The summer holidays are here and following two years of pandemic-related restrictions, and irrespective of the problems that airports are experiencing, many families are still looking forward to travelling.
If you're jetting abroad you may be considering whether to bring your baby or child car seat, as sitting on a child car seat can provide a more comfortable flight for young children and it could be handy if you're hiring a car at your destination.
But is it worth it? And what do you need to consider?
Here are the five essentials you need to know before you book your plane ticket and board that flight.
Some child car seats are TUV approved and will have a sticker that says 'Certified For Use in Aircraft', but that's not a mandatory requirement for taking a car seat on a plane.
Typically the car seat must:
Some airlines have their own child car seats you can hire for the duration of the flight if you want to use a car seat but don't want to carry your own, however you must pre-book them in advance.
Not all airlines will allow you to use a child car seat on the plane, even if the seat is approved for use in an aircraft, and some airlines don't allow rear-facing car seats.
It's essential to speak to your airline before you fly, and it's worth confirming the make and model of your car seat too.
Try to email ahead of time and get something in writing so you can show airline staff if queried at the gate.
All major airlines publish the width of the narrowest and widest seats in each class so it's vital to check your car seat is compatible with the aeroplane seat before you fly.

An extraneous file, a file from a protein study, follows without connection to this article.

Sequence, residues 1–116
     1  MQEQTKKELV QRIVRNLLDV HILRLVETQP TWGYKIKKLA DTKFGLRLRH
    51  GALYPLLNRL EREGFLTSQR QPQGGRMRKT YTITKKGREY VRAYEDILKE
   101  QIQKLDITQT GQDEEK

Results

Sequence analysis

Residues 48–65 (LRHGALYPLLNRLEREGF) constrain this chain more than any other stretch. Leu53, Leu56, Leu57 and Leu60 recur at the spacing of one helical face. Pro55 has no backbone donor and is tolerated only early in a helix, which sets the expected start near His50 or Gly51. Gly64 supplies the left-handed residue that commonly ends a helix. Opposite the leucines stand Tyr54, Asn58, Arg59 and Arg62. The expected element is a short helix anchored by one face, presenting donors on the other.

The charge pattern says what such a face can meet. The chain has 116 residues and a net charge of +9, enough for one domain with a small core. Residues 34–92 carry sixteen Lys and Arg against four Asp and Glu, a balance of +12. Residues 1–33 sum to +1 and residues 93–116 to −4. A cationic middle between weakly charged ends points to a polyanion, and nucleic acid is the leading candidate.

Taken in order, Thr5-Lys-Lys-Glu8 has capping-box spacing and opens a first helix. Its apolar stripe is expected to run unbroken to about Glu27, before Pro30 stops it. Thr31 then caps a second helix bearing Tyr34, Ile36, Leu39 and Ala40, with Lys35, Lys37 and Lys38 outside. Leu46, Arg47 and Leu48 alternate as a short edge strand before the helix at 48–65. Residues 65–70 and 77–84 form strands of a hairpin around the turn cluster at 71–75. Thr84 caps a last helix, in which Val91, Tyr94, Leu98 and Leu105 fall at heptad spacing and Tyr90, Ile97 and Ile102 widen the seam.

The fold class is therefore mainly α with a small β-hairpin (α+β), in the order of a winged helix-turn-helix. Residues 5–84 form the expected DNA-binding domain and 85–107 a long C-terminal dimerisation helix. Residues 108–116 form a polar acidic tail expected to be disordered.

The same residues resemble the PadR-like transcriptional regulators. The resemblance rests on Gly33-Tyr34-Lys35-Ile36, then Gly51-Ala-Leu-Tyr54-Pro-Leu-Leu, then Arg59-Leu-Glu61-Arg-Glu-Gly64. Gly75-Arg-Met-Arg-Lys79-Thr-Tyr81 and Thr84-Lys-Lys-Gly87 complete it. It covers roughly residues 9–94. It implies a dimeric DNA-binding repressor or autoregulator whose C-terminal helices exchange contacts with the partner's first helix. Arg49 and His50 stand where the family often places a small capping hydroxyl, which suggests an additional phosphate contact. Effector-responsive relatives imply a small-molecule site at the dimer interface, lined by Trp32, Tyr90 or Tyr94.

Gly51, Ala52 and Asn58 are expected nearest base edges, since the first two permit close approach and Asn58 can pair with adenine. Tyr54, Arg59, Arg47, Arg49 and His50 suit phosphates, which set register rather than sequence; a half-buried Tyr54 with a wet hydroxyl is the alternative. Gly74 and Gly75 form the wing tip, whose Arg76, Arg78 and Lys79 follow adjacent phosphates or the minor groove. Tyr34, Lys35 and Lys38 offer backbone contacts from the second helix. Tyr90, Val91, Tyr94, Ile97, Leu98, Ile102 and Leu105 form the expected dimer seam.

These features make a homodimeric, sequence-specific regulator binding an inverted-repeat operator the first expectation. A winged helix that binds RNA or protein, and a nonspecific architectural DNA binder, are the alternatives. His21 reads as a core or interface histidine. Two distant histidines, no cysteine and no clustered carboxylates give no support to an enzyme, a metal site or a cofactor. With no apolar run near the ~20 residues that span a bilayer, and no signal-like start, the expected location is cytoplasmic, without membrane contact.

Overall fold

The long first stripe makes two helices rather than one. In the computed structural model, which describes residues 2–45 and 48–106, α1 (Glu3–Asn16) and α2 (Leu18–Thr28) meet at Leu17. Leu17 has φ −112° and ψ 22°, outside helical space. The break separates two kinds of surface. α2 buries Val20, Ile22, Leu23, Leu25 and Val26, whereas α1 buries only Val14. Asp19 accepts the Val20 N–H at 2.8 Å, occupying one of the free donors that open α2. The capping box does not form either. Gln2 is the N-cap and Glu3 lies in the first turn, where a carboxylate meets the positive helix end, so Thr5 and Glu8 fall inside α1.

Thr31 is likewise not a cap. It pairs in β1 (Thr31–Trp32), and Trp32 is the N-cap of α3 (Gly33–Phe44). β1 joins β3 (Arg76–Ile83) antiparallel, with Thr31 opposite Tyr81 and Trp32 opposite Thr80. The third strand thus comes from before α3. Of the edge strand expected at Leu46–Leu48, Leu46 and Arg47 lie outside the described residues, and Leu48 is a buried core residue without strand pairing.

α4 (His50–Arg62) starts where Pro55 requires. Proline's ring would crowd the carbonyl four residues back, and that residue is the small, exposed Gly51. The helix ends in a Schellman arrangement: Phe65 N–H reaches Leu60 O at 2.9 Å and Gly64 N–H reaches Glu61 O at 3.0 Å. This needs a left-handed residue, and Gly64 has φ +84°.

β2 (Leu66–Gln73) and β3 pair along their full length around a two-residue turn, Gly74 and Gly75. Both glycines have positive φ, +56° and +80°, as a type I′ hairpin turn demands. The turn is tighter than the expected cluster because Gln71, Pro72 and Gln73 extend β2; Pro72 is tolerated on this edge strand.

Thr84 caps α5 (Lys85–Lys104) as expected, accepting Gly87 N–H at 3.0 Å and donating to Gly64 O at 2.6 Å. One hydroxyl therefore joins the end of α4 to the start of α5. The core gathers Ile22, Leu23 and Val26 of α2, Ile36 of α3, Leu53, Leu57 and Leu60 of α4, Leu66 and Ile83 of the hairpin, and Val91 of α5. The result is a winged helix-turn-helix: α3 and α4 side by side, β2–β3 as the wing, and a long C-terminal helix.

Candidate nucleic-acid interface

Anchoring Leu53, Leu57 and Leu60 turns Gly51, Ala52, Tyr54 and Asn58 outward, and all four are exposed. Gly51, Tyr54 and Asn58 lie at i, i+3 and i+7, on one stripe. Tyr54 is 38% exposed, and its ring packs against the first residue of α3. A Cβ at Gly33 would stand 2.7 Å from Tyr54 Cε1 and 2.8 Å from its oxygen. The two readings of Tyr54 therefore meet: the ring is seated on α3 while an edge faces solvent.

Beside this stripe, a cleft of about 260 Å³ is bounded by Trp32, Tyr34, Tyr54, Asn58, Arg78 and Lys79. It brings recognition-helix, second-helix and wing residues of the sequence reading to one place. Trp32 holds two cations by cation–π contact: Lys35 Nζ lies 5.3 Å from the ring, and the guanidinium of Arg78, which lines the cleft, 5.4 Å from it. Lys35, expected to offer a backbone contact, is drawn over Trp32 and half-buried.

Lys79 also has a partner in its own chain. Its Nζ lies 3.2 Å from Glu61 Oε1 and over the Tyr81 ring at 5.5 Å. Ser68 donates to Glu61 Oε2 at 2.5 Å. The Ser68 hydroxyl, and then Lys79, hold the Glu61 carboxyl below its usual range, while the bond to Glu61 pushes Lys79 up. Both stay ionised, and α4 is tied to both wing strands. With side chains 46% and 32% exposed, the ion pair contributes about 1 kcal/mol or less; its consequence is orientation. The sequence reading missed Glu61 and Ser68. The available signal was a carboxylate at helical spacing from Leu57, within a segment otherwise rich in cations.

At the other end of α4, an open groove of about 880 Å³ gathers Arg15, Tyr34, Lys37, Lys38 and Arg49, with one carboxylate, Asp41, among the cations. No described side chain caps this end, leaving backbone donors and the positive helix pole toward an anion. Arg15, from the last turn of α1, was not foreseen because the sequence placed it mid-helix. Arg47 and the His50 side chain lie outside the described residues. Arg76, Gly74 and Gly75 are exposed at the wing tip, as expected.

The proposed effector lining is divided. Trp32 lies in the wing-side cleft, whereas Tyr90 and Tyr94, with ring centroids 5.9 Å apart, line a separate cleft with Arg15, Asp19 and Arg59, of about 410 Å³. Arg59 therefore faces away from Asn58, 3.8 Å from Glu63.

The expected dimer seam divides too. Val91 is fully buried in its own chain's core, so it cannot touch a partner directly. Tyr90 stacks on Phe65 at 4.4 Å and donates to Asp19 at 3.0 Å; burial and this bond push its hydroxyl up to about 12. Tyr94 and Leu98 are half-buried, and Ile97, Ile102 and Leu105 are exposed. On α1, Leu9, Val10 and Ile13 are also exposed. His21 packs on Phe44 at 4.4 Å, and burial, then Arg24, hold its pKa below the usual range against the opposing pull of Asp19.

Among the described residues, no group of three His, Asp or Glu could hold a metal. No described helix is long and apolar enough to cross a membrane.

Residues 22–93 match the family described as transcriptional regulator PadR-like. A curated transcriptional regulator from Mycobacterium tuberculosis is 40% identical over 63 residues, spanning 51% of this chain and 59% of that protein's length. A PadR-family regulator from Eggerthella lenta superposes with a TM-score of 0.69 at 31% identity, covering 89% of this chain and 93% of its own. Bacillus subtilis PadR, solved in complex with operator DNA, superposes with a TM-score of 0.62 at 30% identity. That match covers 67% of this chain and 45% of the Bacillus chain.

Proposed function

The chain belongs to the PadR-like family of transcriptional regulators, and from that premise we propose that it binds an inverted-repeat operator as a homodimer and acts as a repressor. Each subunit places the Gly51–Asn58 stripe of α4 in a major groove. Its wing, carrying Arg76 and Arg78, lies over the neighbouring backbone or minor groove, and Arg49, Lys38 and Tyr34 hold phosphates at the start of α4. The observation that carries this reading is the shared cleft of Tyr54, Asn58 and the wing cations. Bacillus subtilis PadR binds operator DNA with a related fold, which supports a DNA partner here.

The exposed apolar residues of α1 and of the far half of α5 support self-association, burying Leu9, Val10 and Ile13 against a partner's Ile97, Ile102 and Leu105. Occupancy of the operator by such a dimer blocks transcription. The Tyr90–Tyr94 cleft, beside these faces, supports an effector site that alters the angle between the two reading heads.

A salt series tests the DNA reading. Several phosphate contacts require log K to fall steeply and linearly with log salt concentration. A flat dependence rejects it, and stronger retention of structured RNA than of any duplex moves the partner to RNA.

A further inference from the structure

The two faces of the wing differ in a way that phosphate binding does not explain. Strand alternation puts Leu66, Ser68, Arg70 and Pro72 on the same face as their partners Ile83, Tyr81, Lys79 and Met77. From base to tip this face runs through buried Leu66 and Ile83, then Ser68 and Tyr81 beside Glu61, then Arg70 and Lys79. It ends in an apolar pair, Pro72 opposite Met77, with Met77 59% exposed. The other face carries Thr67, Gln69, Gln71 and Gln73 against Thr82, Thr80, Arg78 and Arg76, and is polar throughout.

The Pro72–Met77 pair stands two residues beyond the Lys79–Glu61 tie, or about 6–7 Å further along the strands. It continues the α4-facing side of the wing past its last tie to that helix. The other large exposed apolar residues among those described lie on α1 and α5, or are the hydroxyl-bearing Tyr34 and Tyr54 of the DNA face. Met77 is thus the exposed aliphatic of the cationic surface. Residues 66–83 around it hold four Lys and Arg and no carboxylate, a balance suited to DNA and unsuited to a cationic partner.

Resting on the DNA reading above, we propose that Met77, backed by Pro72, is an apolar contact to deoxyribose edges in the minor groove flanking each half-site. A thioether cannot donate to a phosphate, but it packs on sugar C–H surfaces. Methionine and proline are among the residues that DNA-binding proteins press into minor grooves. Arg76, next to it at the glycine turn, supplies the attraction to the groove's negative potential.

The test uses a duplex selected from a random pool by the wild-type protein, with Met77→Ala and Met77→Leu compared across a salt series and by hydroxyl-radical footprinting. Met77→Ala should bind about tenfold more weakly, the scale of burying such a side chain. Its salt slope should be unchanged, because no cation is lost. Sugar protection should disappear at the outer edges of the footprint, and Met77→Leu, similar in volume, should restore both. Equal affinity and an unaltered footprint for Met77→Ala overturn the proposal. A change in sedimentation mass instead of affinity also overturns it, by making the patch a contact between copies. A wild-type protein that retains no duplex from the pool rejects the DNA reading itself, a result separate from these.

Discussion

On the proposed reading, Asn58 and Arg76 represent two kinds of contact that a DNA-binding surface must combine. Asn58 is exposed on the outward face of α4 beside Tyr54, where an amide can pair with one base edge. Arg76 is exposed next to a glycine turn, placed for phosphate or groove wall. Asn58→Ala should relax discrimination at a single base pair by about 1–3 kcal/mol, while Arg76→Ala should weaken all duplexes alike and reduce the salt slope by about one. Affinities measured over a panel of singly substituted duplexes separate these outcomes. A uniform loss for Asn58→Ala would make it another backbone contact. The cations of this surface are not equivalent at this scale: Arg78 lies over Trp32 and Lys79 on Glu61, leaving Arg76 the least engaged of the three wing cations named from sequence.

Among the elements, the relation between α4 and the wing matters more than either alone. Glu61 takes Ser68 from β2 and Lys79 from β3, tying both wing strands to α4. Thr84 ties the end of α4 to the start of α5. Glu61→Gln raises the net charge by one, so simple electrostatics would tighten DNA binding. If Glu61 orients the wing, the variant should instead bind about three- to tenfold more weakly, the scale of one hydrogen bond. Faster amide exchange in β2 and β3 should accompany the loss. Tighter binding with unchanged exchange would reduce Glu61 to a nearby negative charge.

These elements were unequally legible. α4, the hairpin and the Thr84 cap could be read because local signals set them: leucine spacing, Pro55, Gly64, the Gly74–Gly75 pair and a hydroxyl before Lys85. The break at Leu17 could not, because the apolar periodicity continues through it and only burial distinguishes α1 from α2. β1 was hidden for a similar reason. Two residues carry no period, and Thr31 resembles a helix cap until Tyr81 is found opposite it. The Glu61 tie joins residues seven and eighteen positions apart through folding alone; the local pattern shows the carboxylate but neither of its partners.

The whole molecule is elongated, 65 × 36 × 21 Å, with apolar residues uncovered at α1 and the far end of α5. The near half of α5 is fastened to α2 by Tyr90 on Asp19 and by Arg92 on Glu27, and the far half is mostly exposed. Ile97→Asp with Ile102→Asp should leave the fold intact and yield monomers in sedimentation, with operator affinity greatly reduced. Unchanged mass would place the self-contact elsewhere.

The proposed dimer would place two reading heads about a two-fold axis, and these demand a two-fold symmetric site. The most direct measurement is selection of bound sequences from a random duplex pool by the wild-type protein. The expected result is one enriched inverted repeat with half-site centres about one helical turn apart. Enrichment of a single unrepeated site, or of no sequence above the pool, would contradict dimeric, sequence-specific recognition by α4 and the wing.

If your car seat doesn't have airline approval or is too big for the airline's restrictions, you may be asked to check it as baggage and won't be able to use it on the flight.
Below are the narrowest seat widths of the economy seats for the most popular airlines, so you can compare at a glance to see if your car seat is suitable.
|Airline||Width of seat|
|Air New Zealand||43.4cm|
Whether your car seat is forward or rear-facing, it's essential that it's placed next to a window, so that in the event of an emergency all passengers can evacuate quickly and easily.
Here's our step-by-step guide to setting up a forward-facing child car seat on an aeroplane seat:
But if your car seat is rearward-facing, it's slightly different. Here's our step-by-step guide to setting up a rear-facing child car seat on an aeroplane seat:
Below are three child car seats from the full list of those that are TUV approved. This means they are compatible with most aeroplane seats.
The rearwards-facing Nuna Pipa Next is an i-Size-approved car seat for infants measuring 40cm to 83cm, which should see your baby through from birth to around 15 to 18 months old. The car seat fits onto the Next isofix base, which you can also use with the . The seat is also compatible with the .
The Joie i-Gemm has been around for a while, but it's still a favourite with parents. It's approved for use with babies measuring 40cm to 85cm, which is newborn to around 15 months old.
It's worth noting that the Joie i-Gemm 2 is now available to buy - we haven't yet tested it - and this may be the version that's sold in most retailers.
The Maxi Cosi Pebble 360 is an updated version of the popular car seat and it went on sale last year. As well as taking it on an aeroplane, you can also fix it to travel system-compatible Maxi Cosi and Quinny pushchairs.
If you use the car seat with the FamilyFix 360 base, you can rotate the seat towards you to make it easier to get your child into the seat.
As well as a car seat, many airlines also allow you to bring a pushchair on a plane.
Some strollers are small enough to be taken into the cabin with you, while larger buggies will need to be checked into the hold.